39. 39. Psychological obstacles to quitting
    40. 40. 1. Fear of FailureVery common obstacle -no one want to failQuitting can be a very public event -prospect become even more scaryQuitting a process of change no one can quit - unless he really wants to
    41. 41. 2.Concerns about loss of productivity• Nonsmokers tend to perform better than smokers ,both with and without cigarettes in a task that required concentration.• Smokers who were not allowed to smoke may be thinking about cigarettes, which may distract them
    42. 42. 3.Concerns about Stress• Nicotine is helpful in improving mood and decreasing negative feelings during stressful times.• If he smokes for stress reduction, he must make the decision that he will find other ways to cope.
    43. 43. 4.Concerns about Nicotine Withdrawal• The more he exposes his body to nicotine, the more his body needs it and the less it responds to it.• NWS will cause lots of unpleasantness.
    44. 44. Nicotine Withdrawal Syndrome.• Daily use of nicotine for at least several weeks• Abrupt cessation or reduction of nicotine followed within twenty four hours by at least four of the following symptoms -craving for nicotine -irritability ,frustration or anger -anxiety -difficulty concentrating -restlessness -decreased heart rate -increased appetite or weight gain
    45. 45. • Nicotine Withdrawal Syndrome is experienced by one in four heavy smokers and most light smokers experienced no symptoms at all.• NWS peak in intensity during the first twenty four to forty eight hours after he stops using nicotine.
    46. 46. 5.Concerns about his Age• People over sixty-five who were thinking about quitting, two-thirds were not confident that they could succeed• Almost half of the smokers over sixty- five reported that they did not believe quitting would provide them with health benefits, and an almost equal number did not believe that continuing smoking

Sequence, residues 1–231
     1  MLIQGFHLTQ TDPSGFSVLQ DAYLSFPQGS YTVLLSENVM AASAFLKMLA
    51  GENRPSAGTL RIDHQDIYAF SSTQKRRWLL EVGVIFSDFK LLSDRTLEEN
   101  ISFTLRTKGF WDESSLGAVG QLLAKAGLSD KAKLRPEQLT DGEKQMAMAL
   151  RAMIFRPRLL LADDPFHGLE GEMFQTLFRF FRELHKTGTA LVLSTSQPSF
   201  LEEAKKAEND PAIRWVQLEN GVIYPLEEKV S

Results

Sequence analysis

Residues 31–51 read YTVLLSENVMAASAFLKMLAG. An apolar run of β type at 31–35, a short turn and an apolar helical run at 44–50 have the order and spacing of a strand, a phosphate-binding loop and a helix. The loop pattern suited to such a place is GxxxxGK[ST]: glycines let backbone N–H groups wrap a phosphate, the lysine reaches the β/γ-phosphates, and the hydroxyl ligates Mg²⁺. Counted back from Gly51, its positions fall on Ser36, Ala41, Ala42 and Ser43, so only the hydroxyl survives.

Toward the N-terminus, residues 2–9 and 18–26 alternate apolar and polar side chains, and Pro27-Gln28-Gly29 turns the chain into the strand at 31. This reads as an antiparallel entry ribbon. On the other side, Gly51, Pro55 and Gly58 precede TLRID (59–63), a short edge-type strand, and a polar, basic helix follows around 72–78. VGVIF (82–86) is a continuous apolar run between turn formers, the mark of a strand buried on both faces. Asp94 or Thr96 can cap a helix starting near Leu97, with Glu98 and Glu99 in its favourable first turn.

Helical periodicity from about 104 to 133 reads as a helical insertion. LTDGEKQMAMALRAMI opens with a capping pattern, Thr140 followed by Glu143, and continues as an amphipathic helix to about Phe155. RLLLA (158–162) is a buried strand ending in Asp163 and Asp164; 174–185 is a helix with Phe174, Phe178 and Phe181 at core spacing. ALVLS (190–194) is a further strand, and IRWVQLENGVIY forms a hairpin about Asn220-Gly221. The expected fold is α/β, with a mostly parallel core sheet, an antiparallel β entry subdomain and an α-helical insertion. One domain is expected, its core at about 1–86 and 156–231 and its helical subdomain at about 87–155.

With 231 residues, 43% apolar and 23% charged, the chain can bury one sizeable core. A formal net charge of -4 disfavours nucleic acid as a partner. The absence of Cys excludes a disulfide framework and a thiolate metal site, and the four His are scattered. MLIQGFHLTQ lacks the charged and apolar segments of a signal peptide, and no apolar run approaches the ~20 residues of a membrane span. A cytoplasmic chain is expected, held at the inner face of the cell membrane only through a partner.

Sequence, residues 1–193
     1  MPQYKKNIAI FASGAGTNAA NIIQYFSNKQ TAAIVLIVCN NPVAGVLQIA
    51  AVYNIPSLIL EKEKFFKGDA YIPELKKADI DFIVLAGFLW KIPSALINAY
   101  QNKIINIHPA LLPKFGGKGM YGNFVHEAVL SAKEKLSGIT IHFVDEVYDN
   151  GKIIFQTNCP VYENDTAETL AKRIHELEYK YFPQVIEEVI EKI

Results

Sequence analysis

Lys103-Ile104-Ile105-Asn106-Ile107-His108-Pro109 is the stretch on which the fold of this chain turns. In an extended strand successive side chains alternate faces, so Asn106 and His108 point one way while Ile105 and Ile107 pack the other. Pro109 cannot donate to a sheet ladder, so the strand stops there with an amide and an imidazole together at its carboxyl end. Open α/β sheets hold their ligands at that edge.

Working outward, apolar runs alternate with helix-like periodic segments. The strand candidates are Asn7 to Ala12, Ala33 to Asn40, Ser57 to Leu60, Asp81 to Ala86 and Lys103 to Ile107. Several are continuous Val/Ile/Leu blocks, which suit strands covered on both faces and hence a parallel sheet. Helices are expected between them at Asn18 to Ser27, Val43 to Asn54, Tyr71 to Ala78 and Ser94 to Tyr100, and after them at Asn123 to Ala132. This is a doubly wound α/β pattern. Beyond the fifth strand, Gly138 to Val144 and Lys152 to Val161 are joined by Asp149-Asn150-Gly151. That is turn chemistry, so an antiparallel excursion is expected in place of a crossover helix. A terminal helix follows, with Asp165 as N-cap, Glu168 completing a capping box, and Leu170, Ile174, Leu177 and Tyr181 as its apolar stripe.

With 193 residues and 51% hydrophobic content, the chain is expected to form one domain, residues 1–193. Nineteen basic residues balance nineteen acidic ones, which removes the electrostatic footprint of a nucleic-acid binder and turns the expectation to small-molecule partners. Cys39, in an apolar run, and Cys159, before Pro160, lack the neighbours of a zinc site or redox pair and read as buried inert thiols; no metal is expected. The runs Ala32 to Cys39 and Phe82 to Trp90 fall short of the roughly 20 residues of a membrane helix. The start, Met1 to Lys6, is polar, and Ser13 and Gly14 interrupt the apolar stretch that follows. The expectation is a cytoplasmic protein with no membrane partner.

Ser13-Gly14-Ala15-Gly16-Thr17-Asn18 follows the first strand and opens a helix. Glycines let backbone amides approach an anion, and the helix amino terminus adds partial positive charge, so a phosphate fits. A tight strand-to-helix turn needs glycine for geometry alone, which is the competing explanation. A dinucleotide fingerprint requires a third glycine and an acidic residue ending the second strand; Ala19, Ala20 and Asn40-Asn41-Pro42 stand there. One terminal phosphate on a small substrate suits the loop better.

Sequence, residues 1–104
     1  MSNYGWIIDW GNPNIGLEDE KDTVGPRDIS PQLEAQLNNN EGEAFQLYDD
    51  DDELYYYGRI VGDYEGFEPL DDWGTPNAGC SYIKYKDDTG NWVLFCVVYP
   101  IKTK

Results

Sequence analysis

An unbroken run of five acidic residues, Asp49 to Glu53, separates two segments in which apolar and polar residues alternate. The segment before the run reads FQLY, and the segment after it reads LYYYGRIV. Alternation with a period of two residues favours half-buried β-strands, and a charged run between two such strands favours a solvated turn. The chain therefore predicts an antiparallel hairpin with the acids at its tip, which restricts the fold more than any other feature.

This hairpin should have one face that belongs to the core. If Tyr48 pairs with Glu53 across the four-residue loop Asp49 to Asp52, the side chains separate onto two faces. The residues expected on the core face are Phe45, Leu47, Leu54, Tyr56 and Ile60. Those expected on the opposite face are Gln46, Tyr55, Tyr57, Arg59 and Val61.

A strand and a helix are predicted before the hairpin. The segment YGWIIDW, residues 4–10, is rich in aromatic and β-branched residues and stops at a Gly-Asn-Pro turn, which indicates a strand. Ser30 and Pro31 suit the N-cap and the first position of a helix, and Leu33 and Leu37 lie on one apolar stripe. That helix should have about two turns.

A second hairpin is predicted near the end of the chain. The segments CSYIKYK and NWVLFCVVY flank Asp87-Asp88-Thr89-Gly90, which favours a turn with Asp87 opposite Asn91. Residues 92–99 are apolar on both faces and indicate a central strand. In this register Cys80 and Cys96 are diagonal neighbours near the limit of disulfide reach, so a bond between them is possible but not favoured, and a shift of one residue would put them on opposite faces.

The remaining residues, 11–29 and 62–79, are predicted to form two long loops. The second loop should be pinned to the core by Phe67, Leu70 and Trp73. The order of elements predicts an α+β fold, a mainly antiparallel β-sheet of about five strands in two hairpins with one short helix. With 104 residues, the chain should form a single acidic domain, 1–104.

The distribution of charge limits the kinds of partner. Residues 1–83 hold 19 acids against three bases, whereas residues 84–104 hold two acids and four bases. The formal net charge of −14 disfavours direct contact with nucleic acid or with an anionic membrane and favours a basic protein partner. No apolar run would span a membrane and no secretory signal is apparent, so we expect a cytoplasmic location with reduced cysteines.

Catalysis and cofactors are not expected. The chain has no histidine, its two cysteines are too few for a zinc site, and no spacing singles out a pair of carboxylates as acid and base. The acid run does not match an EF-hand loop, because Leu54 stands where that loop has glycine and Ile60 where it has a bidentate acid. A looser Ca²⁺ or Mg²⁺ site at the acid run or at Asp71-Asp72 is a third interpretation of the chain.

47. 47. 6.Concerns about weight gain• Eight in ten who quit will gain weight over a period of two years• The average weight gain as a result of quitting can be four pounds more than would be expected if you continued smoking
    48. 48. • But why people gain weight the reason being people smoke instead of eating
    49. 49. • Attention to his diet and exercising can counteract any tendency to gain weight.
    50. 50. Common excuses 1• My X lived till he was 85 and he smoked
    51. 51. Common excuses 2• All the damage is already done
    52. 52. Within twenty minutes of last cigarette• blood pressure - normal• pulse to normal rate• body temperature of peripheries -increases
    53. 53. Within eight hours• CO in blood drops to normal• O2 in blood increases to normal
    54. 54. Within forty-eight hours• nerve ending start re-growing• abilities to smell and taste things -enhanced
    55. 55. Within seventy- two hours• The bronchial tube relax, making breathing easier.
    56. 56. Within two weeks to three months• circulation improves• walking becomes easier• LFT increases by up to 30 percent
    57. 57. With in a year• coughing• fatigue improves
    58. 58. Long term benefits1 year - CHD5 years - stroke10 years - lung Ca15 years - risk of death